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T-Mobile racers and others react to Sinkewitz' positive test

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Patrik Sinkewitz (T-Mobile)

Patrik Sinkewitz (T-Mobile) (Image credit: Luc Claessen)
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T-Mobile team general manager Bob Stapleton

T-Mobile team general manager Bob Stapleton (Image credit: Shane Stokes/Cyclingnews)

By Brecht Decaluwé in Marseille and Sue George

After Stage 10 of the Tour de France ended in Marseille, the T-Mobile riders looked hammered, but it wasn't just the day's effort that was getting them down.

Nearly a year after Floyd Landis' positive Tour de France testosterone test, news broke Wednesday morning of T-Mobile team member Patrik Sinkewitz' positive test for testosterone in a June 8th out of competition test control a few days after the Bayern Rundfahrt during a team training camp. The news comes not long after several riders for the team's predecessor Team Telekom, including 1996 Tour winner Bjarne Riis, admitted to doping.

Former wearer of the yellow jersey and Germany's hope for the future, Linus Gerdemann, talked with Cyclingnews about his teammate's positive test. "It's difficult to say something right now because we heard it just before the start. If it's true, then it is bad news for us, but it also shows that the system starts to work. It shows that the possibilities to dope are getting smaller.

"For sure it's not good for our team," said Gerdemann. "When someone is doping in the team, then he is also not sensible because it's not only his job [to be affected], but also that of 200 professionals."

Gerdemann still believes in the direction of anti-doping efforts. "I said it before that we're on the right course, but we're not at the finish yet. That's what I said Saturday [when he won stage 7] and that's what I say now. It's very difficult to dope in our team. I hope the control system evolves even more in this way, that's the future of cycling," Gerdemann concluded.

T-Mobile's Marcus Burghardt was also passionate in his response, but chose to express himself by getting into a breakaway Wednesday and eventually finishing eighth.

Stapleton disappointed

Team General Manager Bob Stapleton was glad to talk with Cyclingnews in Marseille after hearing the news. "Clearly if the B-sample confirms the A - which is entirely likely - then it is a bitter disappointment," Stapleton said.

"On the other hand, it shows the testing works with this form of out-of-competition testing and the internal tests we do," said Stapleton. "They [the tests] have a powerful message: if you cheat, you have a good chance to get caught, and if you get caught, there are consequences.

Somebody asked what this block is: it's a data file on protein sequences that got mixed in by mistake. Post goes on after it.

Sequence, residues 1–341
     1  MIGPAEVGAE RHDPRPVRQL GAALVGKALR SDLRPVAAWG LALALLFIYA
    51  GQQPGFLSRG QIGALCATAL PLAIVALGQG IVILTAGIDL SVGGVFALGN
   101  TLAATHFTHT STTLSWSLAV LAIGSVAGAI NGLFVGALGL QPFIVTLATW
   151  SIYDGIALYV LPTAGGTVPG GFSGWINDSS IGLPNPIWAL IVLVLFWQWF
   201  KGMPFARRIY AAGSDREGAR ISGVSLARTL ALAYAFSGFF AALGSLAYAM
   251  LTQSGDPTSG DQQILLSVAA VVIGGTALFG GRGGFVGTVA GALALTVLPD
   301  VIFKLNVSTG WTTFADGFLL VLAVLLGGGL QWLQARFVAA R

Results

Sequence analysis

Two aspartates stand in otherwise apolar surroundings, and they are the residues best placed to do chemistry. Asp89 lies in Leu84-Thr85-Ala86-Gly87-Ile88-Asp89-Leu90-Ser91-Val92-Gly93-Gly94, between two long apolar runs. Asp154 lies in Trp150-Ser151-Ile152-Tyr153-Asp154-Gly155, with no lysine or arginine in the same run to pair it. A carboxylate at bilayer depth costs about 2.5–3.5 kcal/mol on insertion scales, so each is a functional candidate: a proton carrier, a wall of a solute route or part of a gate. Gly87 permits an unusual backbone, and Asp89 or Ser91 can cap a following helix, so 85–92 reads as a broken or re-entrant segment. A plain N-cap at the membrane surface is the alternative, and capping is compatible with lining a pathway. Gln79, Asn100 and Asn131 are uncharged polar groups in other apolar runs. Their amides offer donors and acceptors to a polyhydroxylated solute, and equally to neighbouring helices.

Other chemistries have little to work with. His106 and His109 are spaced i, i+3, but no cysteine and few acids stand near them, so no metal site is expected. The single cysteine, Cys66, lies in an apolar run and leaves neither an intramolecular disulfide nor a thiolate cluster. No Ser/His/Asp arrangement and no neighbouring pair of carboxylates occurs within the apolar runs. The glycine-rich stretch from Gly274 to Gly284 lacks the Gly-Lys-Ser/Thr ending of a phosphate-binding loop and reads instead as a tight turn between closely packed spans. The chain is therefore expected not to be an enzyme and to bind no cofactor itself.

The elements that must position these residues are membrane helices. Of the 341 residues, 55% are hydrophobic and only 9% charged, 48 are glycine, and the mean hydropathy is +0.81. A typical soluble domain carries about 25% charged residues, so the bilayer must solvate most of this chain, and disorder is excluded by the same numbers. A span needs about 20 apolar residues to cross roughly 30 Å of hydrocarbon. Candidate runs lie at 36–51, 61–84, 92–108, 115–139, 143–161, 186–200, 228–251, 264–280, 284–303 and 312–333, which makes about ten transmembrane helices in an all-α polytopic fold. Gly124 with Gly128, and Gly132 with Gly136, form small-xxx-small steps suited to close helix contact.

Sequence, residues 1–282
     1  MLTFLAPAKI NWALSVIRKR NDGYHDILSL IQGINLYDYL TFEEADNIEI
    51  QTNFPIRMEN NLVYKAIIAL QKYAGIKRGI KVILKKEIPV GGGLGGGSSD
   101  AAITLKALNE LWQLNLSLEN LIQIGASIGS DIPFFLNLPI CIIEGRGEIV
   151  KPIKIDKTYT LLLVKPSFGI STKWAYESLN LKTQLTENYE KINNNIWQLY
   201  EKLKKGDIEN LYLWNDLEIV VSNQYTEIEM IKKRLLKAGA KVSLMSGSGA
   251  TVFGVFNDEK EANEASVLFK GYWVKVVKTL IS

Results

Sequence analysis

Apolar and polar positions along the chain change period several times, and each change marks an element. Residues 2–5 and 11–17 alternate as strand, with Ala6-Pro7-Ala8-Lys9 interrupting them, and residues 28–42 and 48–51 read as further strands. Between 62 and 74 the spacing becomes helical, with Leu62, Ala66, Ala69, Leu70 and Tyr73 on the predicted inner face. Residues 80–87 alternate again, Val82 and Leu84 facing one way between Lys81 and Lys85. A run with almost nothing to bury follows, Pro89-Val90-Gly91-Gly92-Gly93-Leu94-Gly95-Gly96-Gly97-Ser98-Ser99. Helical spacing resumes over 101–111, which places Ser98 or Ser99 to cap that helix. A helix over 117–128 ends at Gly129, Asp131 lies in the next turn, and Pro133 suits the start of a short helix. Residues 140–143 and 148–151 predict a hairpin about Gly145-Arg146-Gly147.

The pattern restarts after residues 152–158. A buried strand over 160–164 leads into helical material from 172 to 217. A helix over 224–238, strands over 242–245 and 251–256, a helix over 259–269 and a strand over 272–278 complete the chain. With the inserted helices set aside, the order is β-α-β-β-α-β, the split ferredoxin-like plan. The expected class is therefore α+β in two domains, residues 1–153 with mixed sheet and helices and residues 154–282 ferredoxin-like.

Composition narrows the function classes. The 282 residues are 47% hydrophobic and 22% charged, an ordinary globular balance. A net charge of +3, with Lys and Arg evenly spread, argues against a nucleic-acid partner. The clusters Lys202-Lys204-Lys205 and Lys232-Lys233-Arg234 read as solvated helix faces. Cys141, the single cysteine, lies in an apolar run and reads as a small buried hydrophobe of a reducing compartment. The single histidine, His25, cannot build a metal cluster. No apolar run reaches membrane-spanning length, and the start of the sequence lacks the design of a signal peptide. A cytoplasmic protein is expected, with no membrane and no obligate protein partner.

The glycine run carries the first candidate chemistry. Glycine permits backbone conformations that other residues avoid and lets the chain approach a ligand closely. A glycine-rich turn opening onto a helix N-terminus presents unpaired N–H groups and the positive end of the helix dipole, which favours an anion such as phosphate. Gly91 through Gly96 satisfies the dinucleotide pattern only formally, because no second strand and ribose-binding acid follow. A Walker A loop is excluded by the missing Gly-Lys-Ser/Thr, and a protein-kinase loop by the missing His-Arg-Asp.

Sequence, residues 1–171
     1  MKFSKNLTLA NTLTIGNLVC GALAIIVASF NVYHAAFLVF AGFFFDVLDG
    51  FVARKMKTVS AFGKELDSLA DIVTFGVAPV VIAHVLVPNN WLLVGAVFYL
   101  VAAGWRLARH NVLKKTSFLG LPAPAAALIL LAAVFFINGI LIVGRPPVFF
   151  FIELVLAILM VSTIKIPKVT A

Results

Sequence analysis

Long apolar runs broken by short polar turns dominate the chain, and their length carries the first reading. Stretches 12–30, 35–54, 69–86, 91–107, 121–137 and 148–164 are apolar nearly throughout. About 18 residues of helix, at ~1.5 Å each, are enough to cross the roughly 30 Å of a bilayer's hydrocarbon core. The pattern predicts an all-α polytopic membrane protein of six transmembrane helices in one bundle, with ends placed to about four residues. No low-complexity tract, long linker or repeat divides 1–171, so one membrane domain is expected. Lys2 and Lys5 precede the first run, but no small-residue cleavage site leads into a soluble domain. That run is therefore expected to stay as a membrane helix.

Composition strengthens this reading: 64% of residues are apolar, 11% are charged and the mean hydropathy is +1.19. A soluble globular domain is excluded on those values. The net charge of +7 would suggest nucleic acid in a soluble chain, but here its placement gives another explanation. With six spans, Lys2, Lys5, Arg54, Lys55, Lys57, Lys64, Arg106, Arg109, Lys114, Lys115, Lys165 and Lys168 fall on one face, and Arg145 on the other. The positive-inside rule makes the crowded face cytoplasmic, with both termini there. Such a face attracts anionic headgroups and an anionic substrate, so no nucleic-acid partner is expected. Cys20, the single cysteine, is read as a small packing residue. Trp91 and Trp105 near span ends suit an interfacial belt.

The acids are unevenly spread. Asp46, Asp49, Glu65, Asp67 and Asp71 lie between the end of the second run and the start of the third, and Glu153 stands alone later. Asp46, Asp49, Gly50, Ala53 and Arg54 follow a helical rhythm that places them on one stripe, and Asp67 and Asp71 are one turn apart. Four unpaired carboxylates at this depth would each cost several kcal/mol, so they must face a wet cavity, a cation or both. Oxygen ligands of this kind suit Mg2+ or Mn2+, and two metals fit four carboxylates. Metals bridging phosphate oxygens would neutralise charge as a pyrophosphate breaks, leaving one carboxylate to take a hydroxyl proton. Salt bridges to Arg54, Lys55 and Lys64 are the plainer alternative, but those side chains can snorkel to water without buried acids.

"We go out of our way for these athletes, and we know we demand a lot in return. But there was trust and that has been broken. That is very disappointing."

When asked how he personally felt towards Sinkewitz, the American didn't hide his feelings. Stapleton said, "This is a guy we supported and who we gave every chance to do the right thing. When he puts all of his teammates at risk and puts the team and the sport in jeopardy, then I find that a gross disappointment and irresponsible." But he asked that the other riders in the Tour de France still receive the respect they deserve.

"We knew this [anti-doping project] was going to be a tough fight when we started it, but it was something that we felt was possible. We're going to stay and fight. The [team's] riders were informed by the media right as they were leaving today. They were obviously shocked, but they headed for their bikes and wanted to show that they believe in what they're doing," Stapleton said

Lefevre and McQuaid respond to curtailed TV coverage

Sinkewitz' test prompted German public TV station ARD/ZDF to stop broadcasting their live coverage of the Tour de France until his case is resolved. IPCT President Patrick Lefevre shared his thoughts with Cyclingnews. "I regret what happened because our international sponsors are missing out on 80 million people who can't watch the race anymore. I also regret that it took five weeks before the results were known. Everybody came to London to make a beautiful Tour de France, to avoid scandals. Sinkewitz wasn't positive in the Tour de France, but he shouldn't have been at the start since he was controlled much earlier.

Sinkewitz withdrew from the Tour de France earlier this week after suffering a broken nose and a shoulder injury following a collision with a spectator. If his B sample also proves positive, he may be subjected to a two-year ban from the sport and a fine of one year of his income. He is presently suspended by his team, pending an outcome in the case.

According to Reuters, UCI president Pat McQuaid declined to comment until results of the B sample are in although he speculated on a possible positive outcome, "I think it is very unfortunate if this is the case." Sinkewitz will have five days after receiving written notice to request a test of his B sample.

Christian Frommert, director of sports communication for sponsor Deutsche Telekom AG, commented on team's website about the future of the company's cycling sponsorship. "After the Tour de France, everybody involved will sit down to discuss the way forward in a calm and considered way."

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